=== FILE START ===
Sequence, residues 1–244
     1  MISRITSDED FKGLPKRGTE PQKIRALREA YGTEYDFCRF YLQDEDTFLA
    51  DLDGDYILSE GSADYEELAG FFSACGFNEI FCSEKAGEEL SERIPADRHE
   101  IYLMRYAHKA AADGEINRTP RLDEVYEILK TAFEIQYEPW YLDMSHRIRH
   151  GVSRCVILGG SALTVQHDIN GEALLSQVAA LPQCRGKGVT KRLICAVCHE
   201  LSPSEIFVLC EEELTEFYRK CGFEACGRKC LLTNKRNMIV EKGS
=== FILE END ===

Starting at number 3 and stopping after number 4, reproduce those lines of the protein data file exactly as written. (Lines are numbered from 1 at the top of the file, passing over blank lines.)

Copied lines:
    51  DLDGDYILSE GSADYEELAG FFSACGFNEI FCSEKAGEEL SERIPADRHE
   101  IYLMRYAHKA AADGEINRTP RLDEVYEILK TAFEIQYEPW YLDMSHRIRH